Academic journal article American Journal of Pharmaceutical Education

Teaching and Learning Health Literacy in a Doctor of Pharmacy Program

Academic journal article American Journal of Pharmaceutical Education

Teaching and Learning Health Literacy in a Doctor of Pharmacy Program

Article excerpt

INTRODUCTION

Health literacy (HL) is the degree to which individuals can obtain, process, understand, and communicate health-related information needed to make health decisions. (1-3) Patients with low HL can have difficulty following medical instructions, understanding health information, and performing self-management tasks. Over 90 million Americans have inadequate HL skills, which can lead to poor health outcomes including increased hospitalizations, poor disease control, and poor medication adherence and self-management behaviors. (1,4-7)

Health care professionals must be able to identify patients with limited HL and modify communication strategies to meet their health care needs. Organizations such as the Institute of Medicine, the American Medical Association, and the American Pharmacists Association recommend that health care professional programs incorporate HL into their professional curricula. (8-10) The American Pharmacists Association encourages all pharmacists and student pharmacists to increase their awareness of HL and modify communication strategies for patients with limited HL. (10)

Since limited HL can lead to poor outcomes, especially with regard to medication use, pharmacists can play a key role in improving health care among these patients. (1) However, many pharmacists are unaware of issues related to HL or fail to make attempts to identify or assist patients with limited HL. (11,12) These deficiencies could be adequately addressed through changes in pharmacy education. Both the Accreditation Council for Pharmacy Education (ACPE) and the Center for the Advancement of Pharmaceutical Education (CAPE) require pharmacy schools to address HL. (13,14) Specifically, the ACPE and CAPE outcome statements mandate that pharmacy students be able to provide patient-centered care through the ability to address HL and to modify communication strategies to meet patients' needs. (13,14)

A handful of studies have examined strategies to incorporate HL in pharmacy education. Sicat and Hill evaluated the impact of a 50-minute lecture and small-group active-learning activities in a communication course on P1 students' knowledge about HL and comfort with low HL patient populations. (15) Most students agreed that they had previously underestimated the prevalence of low HL in patient populations and that the activities were useful. Chen and colleagues reported that in one doctor of pharmacy (PharmD) program, as part of a required administration course, P3 students gained a greater understanding and awareness of HL issues after completing a 3-hour module and accompanying HL assignment. (16) Another program examined an active-learning, multi-session HL module in a cultural competency course, which included activities such as patient counseling exercises, HL assessment, and improving the readability of education materials, improved P3 students' knowledge and confidence. (17,18) Ha and Lopez evaluated the effects of case-based learning on P3 students' HL knowledge and skills. (19) After completing one patient case that involved a patient with poor HL, the majority of students agreed that the activity was effective at meeting the HL-related learning objectives. To address a curricular mandate, these studies showed initial strategies to incorporate HL into pharmacy education. However, no study has examined P1 students' knowledge, confidence, and attitudes regarding HL using multiple, integrated, active-learning strategies.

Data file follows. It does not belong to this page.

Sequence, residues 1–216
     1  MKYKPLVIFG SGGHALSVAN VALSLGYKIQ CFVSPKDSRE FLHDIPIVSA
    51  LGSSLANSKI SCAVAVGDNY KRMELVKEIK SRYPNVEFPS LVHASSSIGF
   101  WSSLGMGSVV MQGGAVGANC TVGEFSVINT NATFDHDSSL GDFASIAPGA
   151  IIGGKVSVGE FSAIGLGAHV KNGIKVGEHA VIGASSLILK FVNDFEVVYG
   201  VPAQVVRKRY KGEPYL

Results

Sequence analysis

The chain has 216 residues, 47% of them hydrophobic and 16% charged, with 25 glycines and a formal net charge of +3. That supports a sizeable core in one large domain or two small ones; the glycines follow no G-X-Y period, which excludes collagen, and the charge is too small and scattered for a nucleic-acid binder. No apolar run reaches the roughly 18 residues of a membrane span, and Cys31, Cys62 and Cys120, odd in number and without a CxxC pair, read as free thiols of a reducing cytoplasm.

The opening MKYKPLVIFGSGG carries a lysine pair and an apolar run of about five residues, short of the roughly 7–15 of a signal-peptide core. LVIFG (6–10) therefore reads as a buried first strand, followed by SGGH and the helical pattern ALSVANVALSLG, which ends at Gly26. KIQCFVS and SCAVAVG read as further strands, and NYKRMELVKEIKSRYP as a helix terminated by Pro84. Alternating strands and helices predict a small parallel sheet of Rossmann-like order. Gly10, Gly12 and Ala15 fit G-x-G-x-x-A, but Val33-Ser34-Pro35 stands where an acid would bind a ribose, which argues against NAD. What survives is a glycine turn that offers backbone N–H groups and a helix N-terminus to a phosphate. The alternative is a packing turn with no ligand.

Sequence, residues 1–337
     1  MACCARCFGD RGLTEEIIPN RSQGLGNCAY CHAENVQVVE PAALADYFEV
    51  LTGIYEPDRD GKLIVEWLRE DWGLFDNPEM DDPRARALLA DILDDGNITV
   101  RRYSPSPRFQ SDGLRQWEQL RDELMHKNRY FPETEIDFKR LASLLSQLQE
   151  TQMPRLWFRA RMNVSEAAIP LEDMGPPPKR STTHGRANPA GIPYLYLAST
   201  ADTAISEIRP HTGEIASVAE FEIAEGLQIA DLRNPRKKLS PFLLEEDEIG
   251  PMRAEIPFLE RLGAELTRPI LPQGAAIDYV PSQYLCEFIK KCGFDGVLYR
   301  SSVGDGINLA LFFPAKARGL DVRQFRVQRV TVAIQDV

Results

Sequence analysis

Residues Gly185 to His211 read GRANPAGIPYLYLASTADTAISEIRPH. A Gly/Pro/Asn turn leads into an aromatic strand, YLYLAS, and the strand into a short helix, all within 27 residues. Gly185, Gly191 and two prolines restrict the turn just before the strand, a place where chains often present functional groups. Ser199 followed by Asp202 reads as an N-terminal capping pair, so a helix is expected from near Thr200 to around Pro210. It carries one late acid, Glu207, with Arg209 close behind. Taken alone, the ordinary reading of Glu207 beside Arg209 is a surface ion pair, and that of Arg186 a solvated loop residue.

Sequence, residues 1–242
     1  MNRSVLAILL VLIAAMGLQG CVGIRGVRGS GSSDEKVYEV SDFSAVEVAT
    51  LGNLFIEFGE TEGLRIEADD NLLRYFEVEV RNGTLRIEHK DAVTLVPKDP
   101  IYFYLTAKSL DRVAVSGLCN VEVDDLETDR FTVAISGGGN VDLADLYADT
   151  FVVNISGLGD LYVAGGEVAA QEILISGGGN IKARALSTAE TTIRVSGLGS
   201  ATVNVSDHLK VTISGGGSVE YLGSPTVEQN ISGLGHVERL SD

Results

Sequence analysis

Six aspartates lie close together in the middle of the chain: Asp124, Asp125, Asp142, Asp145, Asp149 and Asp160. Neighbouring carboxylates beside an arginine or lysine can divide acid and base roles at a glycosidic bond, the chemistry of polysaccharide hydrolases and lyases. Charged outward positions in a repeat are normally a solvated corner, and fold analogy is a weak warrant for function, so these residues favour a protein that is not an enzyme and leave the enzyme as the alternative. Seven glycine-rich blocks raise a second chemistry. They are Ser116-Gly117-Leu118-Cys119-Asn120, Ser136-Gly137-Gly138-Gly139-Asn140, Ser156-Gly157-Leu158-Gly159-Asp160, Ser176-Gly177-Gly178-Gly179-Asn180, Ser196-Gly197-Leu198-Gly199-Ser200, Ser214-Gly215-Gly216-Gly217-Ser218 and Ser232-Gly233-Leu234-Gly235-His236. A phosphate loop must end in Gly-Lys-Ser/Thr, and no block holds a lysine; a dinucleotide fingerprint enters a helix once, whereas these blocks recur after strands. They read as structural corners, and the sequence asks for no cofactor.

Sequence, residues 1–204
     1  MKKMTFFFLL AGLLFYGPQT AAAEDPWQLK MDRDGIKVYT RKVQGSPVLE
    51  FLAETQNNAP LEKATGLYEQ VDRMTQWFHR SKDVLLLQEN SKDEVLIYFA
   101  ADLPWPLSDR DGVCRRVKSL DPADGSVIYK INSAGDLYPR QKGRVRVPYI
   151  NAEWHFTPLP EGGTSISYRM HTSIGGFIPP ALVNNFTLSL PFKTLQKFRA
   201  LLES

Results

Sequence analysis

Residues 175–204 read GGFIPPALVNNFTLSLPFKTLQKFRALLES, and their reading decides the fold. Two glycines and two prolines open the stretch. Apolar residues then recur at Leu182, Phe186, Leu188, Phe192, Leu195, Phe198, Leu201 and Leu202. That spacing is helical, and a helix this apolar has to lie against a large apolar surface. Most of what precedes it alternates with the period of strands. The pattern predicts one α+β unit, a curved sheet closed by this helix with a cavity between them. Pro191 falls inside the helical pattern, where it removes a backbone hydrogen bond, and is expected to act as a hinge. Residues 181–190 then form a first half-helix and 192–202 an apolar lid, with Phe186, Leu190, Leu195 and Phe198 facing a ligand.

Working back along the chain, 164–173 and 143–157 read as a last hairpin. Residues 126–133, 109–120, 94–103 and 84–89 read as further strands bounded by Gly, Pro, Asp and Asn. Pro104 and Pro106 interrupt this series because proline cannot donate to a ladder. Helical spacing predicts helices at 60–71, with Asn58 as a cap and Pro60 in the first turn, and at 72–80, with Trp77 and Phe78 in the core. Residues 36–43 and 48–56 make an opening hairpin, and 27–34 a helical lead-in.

The University of Colorado Skaggs School of Pharmacy and Pharmaceutical Sciences introduced a new curriculum in the fall of 2012. A patient-centered communication course was developed, and an HL component was included in order improve students' knowledge and abilities in this area. The objective of this study was to evaluate the impact of the course on students' knowledge, abilities, confidence, and attitudes regarding HL.

DESIGN

Patient-Centered Communication 1, a required, 3-credit course, is offered during the fall semester of the P1 year of the PharmD program. …

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